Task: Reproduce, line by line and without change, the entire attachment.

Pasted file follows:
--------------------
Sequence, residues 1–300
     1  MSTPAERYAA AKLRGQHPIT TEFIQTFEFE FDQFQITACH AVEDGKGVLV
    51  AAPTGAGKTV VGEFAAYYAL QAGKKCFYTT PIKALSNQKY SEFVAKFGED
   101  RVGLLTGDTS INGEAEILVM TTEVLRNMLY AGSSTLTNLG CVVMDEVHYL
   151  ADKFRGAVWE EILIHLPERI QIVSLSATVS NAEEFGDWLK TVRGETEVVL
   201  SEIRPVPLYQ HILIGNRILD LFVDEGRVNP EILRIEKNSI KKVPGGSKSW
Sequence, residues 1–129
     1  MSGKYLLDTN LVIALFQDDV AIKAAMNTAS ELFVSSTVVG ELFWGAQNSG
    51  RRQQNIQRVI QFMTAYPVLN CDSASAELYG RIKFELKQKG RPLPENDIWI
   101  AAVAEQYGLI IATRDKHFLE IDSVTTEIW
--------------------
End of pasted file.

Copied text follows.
Sequence, residues 1–300
     1  MSTPAERYAA AKLRGQHPIT TEFIQTFEFE FDQFQITACH AVEDGKGVLV
    51  AAPTGAGKTV VGEFAAYYAL QAGKKCFYTT PIKALSNQKY SEFVAKFGED
   101  RVGLLTGDTS INGEAEILVM TTEVLRNMLY AGSSTLTNLG CVVMDEVHYL
   151  ADKFRGAVWE EILIHLPERI QIVSLSATVS NAEEFGDWLK TVRGETEVVL
   201  SEIRPVPLYQ HILIGNRILD LFVDEGRVNP EILRIEKNSI KKVPGGSKSW
Sequence, residues 1–129
     1  MSGKYLLDTN LVIALFQDDV AIKAAMNTAS ELFVSSTVVG ELFWGAQNSG
    51  RRQQNIQRVI QFMTAYPVLN CDSASAELYG RIKFELKQKG RPLPENDIWI
   101  AAVAEQYGLI IATRDKHFLE IDSVTTEIW